Entertainment centers added at 4 CBL malls and more business news

Staff photo by Olivia Ross / CBL Properties CEO Stephen Lebovitz talks about current and future projects on July 13, 2022. CBL Properties is "an American real estate investment trust that invests in shopping centers."

Entertainment centers added at 4 CBL malls

CBL Properties on Monday announced it will add entertainment centers in four malls.

The Chattanooga-based shopping center operator is adding Tilt Studios to its two North Dakota properties, Dakota Square in Minot and Kirkwood Mall in Bismarck.

Also, CBL is adding Stars and Strikes at Coastal Grand in Myrtle Beach, South Carolina, and Main Event at Cross Creek Mall in Fayetteville, North Carolina.

"We are pleased to announce the additions of Tilt, Main Event and Stars and Strikes, further diversifying the mix of tenants available at each of these properties and solidifying them as entertainment destinations in their respective markets," said Stephen Lebovitz, CBL's chief executive officer, in a statement. "Over the last several years we've experienced an increase in demand from entertainment users, opening 11 large-scale family-friendly entertainment options across our portfolio since 2017 with nearly a half dozen more in various stages of negotiation."


CHI Medical Group opens vascular surgery clinics

CHI Memorial Medical Group is opening CHI Memorial Vascular Surgery Specialists, a practice that provides comprehensive care for diseases of the vascular system, including the arteries, veins and lymphatic systems throughout the body.

  photo  Contibuted phtoo / Dr. Mark Fugate
 
 

The practice will be led by vascular-endovascular surgeons Mark Fugate and L. Richard Sprouse and will operate out of CHI physician's office and surgical suites in Glenwood, Hixson, Ringgold and Jasper. Nurse practitioners Megan Fuller and Candice Heuser will also join the group.

Fugate and Sprouse are both experienced vascular surgeons who have worked at the Chattanooga Heart Institute, also owned by CHI Memorial.

  photo  Contributed photo / Richard Sprouse
 
 


BASF to restore New Jersey Superfund site

The German chemical company BASF will restore damaged natural resources at a notorious Superfund site where decades of pollution and illegal dumping caused vast contamination of the environment, New Jersey officials said Monday.

The state Department of Environmental Protection announced it has entered into an agreement with BASF to restore conditions at the former Ciba Geigy plant in Toms River. BASF, based in Ludwigshafen, Germany, is the corporate successor to Ciba Geigy.

Cleanup efforts have been ongoing for decades at the site and will continue, even as the environmental restoration work proceeds, New Jersey officials said.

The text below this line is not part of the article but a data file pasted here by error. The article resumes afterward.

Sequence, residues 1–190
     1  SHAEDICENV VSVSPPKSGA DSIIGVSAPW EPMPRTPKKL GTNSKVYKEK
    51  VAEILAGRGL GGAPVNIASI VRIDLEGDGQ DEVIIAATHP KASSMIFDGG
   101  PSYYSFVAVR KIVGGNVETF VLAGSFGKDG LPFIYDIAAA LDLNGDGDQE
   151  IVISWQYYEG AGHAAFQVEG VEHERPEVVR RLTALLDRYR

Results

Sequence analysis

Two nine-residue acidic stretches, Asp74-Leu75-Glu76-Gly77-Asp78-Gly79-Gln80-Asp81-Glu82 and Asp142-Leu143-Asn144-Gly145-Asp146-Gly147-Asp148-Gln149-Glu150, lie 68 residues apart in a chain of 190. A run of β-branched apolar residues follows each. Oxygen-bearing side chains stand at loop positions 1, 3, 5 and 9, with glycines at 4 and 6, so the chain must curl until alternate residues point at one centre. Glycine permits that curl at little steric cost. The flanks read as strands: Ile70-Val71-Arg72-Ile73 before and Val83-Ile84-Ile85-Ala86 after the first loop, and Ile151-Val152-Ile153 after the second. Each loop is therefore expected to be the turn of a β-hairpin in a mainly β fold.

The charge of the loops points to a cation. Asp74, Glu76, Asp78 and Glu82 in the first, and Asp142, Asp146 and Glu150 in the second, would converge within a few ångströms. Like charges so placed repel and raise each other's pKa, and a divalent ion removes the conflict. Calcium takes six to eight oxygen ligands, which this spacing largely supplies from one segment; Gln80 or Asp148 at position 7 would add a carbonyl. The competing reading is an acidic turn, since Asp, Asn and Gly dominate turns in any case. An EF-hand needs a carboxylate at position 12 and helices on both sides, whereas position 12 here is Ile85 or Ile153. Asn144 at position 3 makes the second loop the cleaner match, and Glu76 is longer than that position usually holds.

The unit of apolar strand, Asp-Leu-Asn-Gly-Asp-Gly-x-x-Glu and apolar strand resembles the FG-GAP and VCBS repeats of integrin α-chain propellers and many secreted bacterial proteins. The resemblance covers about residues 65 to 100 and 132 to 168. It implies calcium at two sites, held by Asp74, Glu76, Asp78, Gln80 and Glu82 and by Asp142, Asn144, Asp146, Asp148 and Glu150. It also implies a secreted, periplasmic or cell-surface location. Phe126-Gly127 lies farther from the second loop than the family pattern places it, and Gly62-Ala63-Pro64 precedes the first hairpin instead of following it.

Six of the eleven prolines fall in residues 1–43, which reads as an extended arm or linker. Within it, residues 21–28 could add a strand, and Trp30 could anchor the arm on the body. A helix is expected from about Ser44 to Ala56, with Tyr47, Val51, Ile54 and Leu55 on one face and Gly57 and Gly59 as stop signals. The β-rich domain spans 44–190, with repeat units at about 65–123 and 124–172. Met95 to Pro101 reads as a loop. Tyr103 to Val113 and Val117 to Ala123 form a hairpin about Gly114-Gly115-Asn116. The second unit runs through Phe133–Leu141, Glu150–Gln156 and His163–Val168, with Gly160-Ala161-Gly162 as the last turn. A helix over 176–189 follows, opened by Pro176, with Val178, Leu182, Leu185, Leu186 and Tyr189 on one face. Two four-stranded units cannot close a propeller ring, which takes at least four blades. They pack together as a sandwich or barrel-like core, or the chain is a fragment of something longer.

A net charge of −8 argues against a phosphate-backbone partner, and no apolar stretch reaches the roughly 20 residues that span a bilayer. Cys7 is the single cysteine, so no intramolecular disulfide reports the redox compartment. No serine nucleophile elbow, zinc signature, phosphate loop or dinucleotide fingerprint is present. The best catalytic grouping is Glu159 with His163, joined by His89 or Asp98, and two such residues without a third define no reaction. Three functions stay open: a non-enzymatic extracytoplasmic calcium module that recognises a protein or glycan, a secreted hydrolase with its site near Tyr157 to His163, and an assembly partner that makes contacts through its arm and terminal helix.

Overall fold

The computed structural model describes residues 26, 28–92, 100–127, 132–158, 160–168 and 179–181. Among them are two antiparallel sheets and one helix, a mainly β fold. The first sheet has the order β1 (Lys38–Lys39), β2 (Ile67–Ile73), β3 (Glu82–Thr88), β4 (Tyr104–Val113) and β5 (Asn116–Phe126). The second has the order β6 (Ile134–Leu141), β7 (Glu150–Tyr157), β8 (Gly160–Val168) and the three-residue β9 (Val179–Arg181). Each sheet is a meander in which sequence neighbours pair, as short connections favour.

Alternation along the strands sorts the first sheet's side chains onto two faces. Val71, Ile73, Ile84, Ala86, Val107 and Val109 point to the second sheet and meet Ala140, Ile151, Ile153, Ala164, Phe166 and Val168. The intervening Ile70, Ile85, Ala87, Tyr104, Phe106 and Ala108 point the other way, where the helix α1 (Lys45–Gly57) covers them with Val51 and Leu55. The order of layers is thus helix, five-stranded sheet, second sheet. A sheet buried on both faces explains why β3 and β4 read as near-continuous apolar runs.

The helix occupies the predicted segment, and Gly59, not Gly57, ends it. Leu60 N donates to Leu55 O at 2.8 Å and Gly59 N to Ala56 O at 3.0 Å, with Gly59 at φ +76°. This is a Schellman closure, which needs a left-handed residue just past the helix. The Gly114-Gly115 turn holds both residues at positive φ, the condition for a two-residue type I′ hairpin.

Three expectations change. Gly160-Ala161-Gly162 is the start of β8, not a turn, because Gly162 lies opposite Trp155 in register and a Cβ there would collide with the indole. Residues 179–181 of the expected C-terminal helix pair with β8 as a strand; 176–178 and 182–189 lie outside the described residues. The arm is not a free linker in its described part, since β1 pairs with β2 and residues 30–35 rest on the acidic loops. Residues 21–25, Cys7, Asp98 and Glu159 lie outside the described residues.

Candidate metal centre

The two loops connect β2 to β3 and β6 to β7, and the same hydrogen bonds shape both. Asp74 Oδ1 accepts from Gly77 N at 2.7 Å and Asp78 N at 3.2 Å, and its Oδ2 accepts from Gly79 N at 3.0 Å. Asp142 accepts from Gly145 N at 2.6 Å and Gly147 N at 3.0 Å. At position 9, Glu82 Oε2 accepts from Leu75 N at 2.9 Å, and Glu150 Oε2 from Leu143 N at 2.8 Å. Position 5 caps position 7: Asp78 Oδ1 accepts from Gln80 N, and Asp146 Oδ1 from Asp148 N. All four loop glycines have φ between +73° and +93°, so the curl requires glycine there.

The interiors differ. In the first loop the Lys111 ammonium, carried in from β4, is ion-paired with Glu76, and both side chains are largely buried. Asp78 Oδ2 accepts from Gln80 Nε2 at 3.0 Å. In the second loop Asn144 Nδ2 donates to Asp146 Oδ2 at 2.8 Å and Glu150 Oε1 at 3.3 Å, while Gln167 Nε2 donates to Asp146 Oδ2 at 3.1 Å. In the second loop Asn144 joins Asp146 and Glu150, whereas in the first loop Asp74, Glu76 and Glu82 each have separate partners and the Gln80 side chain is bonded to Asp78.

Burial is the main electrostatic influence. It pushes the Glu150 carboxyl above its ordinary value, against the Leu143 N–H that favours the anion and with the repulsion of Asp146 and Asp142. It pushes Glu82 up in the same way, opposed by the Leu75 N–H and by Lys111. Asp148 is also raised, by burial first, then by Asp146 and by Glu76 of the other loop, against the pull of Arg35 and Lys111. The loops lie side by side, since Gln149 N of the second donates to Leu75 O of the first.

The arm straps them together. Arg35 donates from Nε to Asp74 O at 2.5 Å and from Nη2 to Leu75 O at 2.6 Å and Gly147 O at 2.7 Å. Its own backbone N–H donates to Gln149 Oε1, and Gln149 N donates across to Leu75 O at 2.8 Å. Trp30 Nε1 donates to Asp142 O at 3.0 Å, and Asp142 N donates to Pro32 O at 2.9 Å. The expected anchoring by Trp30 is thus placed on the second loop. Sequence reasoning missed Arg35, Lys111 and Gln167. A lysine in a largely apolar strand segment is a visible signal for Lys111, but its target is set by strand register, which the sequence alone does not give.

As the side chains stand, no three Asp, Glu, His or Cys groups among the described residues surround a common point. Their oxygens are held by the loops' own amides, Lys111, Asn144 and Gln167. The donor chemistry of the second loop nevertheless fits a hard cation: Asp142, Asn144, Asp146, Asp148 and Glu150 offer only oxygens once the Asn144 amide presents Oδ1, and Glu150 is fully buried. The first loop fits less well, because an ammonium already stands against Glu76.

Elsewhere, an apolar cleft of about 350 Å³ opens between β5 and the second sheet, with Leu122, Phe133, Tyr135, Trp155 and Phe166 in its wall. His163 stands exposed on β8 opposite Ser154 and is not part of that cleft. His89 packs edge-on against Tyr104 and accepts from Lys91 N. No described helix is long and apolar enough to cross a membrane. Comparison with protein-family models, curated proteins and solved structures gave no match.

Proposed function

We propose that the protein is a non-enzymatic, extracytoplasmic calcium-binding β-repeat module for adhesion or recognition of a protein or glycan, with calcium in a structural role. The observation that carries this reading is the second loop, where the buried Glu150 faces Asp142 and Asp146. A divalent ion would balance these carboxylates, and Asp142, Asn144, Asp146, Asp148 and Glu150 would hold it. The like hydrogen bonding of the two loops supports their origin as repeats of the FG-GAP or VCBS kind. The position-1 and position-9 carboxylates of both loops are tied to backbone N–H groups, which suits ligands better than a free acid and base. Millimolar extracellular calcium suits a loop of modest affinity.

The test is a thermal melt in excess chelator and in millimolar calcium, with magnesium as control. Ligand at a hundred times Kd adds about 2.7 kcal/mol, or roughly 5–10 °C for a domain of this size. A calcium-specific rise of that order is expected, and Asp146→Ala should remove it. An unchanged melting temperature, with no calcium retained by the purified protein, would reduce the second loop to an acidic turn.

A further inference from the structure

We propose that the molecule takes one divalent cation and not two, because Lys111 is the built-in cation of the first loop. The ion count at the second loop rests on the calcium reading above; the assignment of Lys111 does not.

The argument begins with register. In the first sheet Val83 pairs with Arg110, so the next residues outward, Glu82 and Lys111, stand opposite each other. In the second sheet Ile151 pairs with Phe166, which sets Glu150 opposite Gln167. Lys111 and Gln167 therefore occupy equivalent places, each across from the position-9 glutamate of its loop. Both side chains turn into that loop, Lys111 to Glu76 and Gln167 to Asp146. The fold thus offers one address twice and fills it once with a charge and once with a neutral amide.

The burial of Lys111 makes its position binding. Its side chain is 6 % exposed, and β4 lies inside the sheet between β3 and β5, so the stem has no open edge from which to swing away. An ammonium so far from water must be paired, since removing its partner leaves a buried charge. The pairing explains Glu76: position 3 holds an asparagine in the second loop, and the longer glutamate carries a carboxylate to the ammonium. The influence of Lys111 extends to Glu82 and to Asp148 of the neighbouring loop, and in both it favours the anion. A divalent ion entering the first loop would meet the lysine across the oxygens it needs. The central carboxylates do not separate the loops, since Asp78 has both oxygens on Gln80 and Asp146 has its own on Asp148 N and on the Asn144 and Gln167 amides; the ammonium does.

No cost was revealed for the work, which will be done by BASF and approved by the state. Work is expected to begin in the spring and last five years.

"Every natural resource of our state belongs directly to the people of New Jersey, and as the trustee of their natural resources, it is our job to make sure that when pollution damages our environment, the people are paid back for the harm to their natural resources," said Shawn LaTourette, New Jersey's environmental protection commissioner.


US and EU try to resolve 'green subsidies' dispute

The United States and European Union have agreed to intensify talks to resolve EU concerns over major subsidies for American companies contained in a U.S. clean energy law.

Although no deal was reached at talks Monday, the two sides pledged to continue work and push for a solution that benefits both U.S. and European firms, workers and consumers. The U.S. Inflation Reduction Act offers about $375 billion in new and extended tax credits to help the U.S. clean energy industry as well as buyers of qualifying electric vehicles made in North America.

But European leaders have expressed alarm that the subsidies would be an enormous setback for European companies. French President Emmanuel Macron raised the issue directly with President Joe Biden during his state visit to Washington last week during which Biden and other U.S. officials said they were willing to address the matter, including "glitches" in the law.

Democrats included the tax credits in the expansive climate law as a way to encourage domestic battery and electric vehicle production. But manufacturers in Europe and South Korea, which sell millions of vehicles in the U.S., have threatened to lodge legal complaints with the World Trade Organization.

Thus far, congressional Democrats have said they have no intention of reconsidering the climate law, which passed after more than a year of negotiations without any Republican support.

India will continue to buy Russian oil

NEW DELHI -- India's foreign minister has signaled that his country will continue to buy oil from Russia, even as Western governments press Moscow with a price cap on its oil exports. Subrahmanyam Jaishankar said it isn't right for European countries to prioritize their energy needs but ask India to do something else.

India, a major buyer of Russian oil, has so far not committed to the European Union's price cap of $60 per barrel on Russian oil. The move is aimed at limiting the fossil fuel earnings that support Moscow's military.

Jaishankar was speaking to reporters in New Delhi after holding talks with his German counterpart, Annalena Baerbock, in which they discussed bilateral relations and Russia's war in Ukraine.